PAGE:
Everyone loves a happy ending. This is the part where we all hope that through perseverance and hard work our underdog comes out on top. We hope that the hardships they’ve endured, the training they’ve subjected their minds and bodies to, and all the pain they’ve had to suffer pays off.
I can’t guarantee you a happy ending. This is where the “Zen” in “Zen of Projecting” comes in. Sometimes it doesn’t happen, and you have to walk away. I have heard countless stories of climbers pulling past the crux on the last try of the last day of the trip, only to blow the mantle, or pop off just before the anchor. And now they’re leaving a place that may haunt them for years to come. I have personally lived this adventure many times over, walked away from a great many “near sends.” Unfortunately, a “near send” doesn’t count for much. So we walk away with experience, the pain, the suffering, the sacrifice. Hoping to come back and take it down next time. I learned a long time ago that life doesn’t always go my way, sometimes all you can do is shrug your shoulders and move on.
Our little world of climbing consumes us, keeps us awake at night! The training, the traveling, the dreaming about sending the hardest climb in the most remote and beautiful places in the world! But what difference does it really make? There are times where climbing has been used to feed the hungry, teach the less fortunate how to rise above their birth rite. But these moments are sadly few and far between. Don’t get me wrong, I live the same life of humbly pursuing my own selfish climbing dreams, willing to sacrificing everything for the send. In truth I feel this way about all sports. Does breaking the home run record or rushing the most yards do anything to better the world? No. But they make millions doing it, while the pro climbers of the world live off of less than the last string athlete who is only used in practice and never even makes it to the big game.
So why do we do it? Why do we spend so much time obsessing, dreaming, training and bleeding for this sport?
I wish there was a one size fits all answer for that. In truth everyone climbs for their own reasons. The beauty of climbing is that it doesn’t matter why or how we all got into it, or why we keep doing it. The world has a never ending supply of routes and problems and cracks and walls to keep generation upon generation busy! Maybe that’s part of it. No matter how long you climb or what style you prefer, there is always the hope of finding something new.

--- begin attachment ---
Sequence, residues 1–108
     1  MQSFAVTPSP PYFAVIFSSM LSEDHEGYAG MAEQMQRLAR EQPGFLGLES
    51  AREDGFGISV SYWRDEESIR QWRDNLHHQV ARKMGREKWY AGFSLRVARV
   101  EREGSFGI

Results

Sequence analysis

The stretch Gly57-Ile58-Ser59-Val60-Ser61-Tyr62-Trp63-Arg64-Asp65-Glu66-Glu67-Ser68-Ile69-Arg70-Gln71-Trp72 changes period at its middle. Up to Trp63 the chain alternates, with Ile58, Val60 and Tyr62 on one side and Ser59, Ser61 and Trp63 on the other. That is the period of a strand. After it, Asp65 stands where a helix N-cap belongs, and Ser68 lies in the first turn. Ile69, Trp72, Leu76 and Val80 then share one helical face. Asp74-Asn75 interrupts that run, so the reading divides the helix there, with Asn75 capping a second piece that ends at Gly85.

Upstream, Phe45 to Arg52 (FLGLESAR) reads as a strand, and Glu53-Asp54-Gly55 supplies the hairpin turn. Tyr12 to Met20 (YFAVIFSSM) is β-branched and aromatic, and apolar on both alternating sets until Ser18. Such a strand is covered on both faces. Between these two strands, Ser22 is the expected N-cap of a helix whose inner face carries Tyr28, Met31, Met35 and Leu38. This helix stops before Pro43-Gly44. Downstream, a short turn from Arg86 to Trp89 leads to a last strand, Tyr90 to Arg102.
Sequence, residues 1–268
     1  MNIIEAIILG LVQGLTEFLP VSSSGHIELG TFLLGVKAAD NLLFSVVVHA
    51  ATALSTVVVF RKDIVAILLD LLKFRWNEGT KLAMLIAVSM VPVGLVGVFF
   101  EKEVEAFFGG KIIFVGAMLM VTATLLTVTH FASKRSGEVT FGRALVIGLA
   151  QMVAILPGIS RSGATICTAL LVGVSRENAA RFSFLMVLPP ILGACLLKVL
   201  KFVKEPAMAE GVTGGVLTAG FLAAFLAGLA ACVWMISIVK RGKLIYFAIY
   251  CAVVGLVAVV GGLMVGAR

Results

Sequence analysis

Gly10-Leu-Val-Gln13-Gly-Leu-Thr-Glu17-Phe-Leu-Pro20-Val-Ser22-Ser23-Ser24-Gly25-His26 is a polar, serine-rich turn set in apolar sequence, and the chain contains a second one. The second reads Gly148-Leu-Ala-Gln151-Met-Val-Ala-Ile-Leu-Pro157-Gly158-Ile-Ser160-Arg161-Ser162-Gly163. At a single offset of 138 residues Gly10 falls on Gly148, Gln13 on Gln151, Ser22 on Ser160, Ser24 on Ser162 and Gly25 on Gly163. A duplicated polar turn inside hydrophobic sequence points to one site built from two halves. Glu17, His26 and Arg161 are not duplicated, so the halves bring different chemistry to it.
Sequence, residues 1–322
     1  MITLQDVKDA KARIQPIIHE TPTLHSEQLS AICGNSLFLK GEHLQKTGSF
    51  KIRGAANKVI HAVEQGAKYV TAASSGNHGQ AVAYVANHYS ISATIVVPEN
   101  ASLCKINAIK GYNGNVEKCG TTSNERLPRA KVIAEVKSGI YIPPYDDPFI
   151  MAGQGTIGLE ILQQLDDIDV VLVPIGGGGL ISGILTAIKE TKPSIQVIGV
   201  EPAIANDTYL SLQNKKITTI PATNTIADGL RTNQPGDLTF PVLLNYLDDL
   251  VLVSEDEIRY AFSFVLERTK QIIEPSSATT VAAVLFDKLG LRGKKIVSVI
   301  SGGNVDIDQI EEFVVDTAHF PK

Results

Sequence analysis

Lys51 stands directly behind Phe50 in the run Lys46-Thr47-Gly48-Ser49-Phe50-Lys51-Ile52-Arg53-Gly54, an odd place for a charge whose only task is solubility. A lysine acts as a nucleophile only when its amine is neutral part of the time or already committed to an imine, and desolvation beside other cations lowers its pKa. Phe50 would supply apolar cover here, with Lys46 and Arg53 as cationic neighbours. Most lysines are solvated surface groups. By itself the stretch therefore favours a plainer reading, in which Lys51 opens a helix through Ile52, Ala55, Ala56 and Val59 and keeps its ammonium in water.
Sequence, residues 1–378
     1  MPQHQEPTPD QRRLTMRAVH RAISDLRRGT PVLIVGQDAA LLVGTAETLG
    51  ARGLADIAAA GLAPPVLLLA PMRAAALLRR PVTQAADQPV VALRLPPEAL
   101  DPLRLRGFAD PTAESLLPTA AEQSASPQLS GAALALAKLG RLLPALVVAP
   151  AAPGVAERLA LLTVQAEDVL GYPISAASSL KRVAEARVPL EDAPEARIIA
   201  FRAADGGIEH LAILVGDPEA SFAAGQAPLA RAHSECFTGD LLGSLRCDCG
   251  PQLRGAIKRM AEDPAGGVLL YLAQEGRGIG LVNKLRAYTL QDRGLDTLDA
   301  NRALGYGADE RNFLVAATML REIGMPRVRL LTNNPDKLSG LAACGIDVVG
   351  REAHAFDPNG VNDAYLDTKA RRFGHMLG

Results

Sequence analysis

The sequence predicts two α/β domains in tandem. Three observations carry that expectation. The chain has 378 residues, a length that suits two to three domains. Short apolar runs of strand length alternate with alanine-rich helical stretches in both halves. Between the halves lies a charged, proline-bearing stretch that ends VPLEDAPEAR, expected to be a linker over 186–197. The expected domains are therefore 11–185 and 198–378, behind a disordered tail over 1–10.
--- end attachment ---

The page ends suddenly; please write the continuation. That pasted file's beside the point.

That still doesn’t answer why we punish ourselves by going back to the same route over and over again, even when every trip out seems to feel worse than the one before.
When working a project you have to let go of all hope and expectation. You can’t think about the possibilities, good or bad. You have to find the peace to live solely in the moment. Executing one move at a time, calm your breathing, slow your heart rate, fight the pump. Looking up and your hands then down at your feet. When the route is so ingrained in your mind and your movement that you don’t even have to think about the moves, your body just naturally does everything it’s supposed to do.
This is the best feeling ever. When the once impossible has not only become the possible, but the fluid, and maybe even easy. Once you find this balance, the top seems to come so quickly!
I have to throw in one little kink in this vision. On one of my last hard redpoints, I felt perfect! The route just floated! Before I knew it I was at the last hard move. I set up for the deadpoint, locked off knowing that I had this thing done, it felt easier than I could ever remember! Only I was one inch to the left when I went for the crimp… Airborne. I did send later that same day. The sun came out, it was too hot, I was tired, every move felt harder than it should. But I did it anyway. And clipping the anchor never felt better!
As I said, we all work projects for different reasons. And everyones journey is different. All I can hope that you take away from this, is to remember the journey. Cherish the struggle. Find the peace in letting go. Take the impossible and make it yours. And most of all, do it for you.